ASHGABAT, Turkmenistan — Turkmenistan has agreed with Pakistan on the price of gas it plans to send via an ambitious pipeline from its prospective natural gas fields through Afghanistan, two government sources in the Central Asian republic said Tuesday.
The Turkmen government sources declined to give details of the price and did not comment on whether volumes had also been agreed. Like most officials in the secretive former Soviet state, they spoke on condition of anonymity.
One of the sources said the two countries had yet to agree with Afghanistan on a transit price for the gas.
Turkmenistan, which sits on the world's fourth-largest natural gas reserves, aims to supply natural gas from its South Iolotan field, the world's second largest, to Pakistan and India. The idea of the pipeline, known as TAPI, was first raised in the mid-1990s, but construction has yet to begin.
The proposed 1,700-kilometer pipeline could carry 1 trillion cubic meters of Turkmen gas over a 30-year period, Turkmen Oil and Gas Minister Bayramgeldy Nedirov said this month, which would work out at 33 billion cubic meters a year.
But the route, particularly the 735-kilometer Afghan leg, presents significant security challenges and will require Pakistan and India to agree on volumes and prices. Participants must also secure funding for the project.
State-owned newspaper Neutral Turkmenistan reported Tuesday that President Gurbanguly Berdymukhammedov had signed a joint declaration with Pakistan on the sale and purchase of gas via the TAPI pipeline.
The newspaper reported that Berdymukhammedov, whose word is final in reclusive Turkmenistan, had agreed the deal during a visit to Islamabad on Monday, where he met Pakistani President Asif Ali Zardari and Prime Minister Yusuf Razi Gilani.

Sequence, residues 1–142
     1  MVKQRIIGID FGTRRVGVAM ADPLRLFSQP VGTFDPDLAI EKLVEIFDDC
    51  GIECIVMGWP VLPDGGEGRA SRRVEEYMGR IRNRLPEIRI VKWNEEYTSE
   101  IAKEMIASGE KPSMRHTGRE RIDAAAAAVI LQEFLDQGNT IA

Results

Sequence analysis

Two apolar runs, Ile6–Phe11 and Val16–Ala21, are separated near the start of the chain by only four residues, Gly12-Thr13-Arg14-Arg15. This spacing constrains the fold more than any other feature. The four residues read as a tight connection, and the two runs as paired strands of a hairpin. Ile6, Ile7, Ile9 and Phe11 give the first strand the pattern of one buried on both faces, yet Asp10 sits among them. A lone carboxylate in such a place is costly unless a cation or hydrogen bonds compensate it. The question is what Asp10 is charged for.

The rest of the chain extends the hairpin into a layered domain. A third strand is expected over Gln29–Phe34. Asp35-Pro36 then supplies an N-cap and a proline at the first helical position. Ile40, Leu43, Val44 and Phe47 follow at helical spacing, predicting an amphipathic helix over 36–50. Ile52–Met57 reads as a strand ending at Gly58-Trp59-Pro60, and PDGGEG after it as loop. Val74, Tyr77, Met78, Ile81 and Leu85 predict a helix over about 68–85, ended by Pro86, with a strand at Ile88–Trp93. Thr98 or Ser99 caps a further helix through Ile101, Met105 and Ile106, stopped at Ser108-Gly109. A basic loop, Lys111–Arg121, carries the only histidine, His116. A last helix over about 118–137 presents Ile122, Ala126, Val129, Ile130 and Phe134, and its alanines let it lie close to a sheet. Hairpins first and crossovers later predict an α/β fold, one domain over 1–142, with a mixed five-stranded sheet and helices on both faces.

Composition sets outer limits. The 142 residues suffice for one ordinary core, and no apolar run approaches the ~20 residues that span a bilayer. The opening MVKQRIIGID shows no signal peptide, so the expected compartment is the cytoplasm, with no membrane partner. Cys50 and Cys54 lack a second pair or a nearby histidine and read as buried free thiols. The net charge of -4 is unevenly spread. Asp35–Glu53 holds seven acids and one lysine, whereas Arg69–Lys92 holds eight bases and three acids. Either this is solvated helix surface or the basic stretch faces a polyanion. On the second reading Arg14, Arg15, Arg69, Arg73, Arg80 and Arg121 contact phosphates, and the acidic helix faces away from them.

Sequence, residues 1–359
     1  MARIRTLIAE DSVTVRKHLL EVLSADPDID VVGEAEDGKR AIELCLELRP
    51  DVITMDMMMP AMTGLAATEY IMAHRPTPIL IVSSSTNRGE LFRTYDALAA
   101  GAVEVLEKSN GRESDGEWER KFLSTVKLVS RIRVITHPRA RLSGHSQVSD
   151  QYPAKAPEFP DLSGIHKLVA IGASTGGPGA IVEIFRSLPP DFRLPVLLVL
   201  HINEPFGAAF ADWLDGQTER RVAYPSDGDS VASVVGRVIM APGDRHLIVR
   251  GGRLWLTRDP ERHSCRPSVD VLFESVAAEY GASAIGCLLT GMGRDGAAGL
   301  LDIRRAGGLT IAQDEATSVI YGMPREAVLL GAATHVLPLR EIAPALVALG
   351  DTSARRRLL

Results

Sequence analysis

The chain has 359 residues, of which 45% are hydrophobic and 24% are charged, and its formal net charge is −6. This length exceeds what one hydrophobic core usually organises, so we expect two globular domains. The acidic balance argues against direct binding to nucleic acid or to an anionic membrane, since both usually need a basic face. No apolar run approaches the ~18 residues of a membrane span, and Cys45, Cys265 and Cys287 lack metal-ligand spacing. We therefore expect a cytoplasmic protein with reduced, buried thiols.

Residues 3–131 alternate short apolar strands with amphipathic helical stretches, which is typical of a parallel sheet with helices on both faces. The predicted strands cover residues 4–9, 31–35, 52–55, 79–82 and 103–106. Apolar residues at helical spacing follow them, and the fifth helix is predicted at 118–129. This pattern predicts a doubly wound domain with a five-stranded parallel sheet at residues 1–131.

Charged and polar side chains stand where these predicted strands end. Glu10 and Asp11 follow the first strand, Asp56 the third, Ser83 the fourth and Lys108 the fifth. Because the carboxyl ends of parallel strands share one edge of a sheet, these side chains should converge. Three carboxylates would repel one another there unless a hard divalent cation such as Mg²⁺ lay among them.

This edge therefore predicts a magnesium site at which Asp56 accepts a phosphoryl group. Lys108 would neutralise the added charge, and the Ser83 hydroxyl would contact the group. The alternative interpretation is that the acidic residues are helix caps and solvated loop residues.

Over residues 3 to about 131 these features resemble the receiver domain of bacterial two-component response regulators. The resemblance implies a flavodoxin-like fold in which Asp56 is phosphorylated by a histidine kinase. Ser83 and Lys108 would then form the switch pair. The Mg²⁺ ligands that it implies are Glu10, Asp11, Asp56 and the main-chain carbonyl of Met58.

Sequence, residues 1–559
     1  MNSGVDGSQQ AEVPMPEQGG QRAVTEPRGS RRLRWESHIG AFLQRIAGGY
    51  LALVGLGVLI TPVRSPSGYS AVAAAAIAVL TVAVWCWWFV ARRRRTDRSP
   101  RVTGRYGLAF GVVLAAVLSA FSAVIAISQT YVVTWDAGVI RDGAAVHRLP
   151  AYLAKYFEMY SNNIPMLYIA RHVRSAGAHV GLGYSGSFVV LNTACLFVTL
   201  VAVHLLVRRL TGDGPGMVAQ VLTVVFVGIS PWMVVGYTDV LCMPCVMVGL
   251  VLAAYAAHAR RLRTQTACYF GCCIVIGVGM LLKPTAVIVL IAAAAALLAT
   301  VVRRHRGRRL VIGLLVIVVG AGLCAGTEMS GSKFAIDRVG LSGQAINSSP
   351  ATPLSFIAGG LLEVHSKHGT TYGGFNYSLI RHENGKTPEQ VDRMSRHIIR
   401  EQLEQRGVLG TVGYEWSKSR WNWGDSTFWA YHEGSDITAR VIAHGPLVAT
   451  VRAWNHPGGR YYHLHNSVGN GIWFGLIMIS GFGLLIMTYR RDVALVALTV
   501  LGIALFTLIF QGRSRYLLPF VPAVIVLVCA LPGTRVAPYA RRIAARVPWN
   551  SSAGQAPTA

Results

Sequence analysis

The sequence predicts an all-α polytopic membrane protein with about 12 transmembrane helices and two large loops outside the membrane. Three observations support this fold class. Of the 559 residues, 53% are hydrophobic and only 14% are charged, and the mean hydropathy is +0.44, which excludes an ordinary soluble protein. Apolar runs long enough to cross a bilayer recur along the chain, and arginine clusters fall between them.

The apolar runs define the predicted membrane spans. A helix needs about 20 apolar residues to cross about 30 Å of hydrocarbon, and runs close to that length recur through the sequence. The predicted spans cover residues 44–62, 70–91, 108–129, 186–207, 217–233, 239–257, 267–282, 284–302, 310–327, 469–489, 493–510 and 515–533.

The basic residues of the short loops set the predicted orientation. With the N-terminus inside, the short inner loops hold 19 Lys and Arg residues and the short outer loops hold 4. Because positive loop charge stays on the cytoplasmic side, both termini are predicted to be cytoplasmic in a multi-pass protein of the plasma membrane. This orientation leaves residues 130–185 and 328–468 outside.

Price negotiations with India, the final country on the pipeline route, are being conducted separately.
Asked about the content of the Islamabad declaration, the government source said: "We have already agreed on the price. The agreement is prepared. The contract is prepared. Only some procedural issues remain."
The second government source said that while Turkmenistan and Pakistan had in principle agreed a price, a question mark remained over the transit price via Afghanistan.
Turkmenistan's policy is to sell its gas at the border, while Pakistan planned to buy the Turkmen gas at its own border with Afghanistan, the second source said.
Pakistan and India, which would consume most of the gas supplied via the pipeline, have previously said they were close to signing a supply deal with Turkmenistan.
An intergovernmental agreement signed in the Turkmen capital Ashgabat in December contained no specific provisions for security, volumes or gas prices.
Turkmenistan envisages that gas for the pipeline would be supplied by its South Iolotan field, ranked by British auditor Gaffney, Cline & Associates last month as the second largest in the world behind Iran's South Pars deposit.
The auditor said South Iolotan contained between 13.1 tcm and 21.2 tcm of natural gas.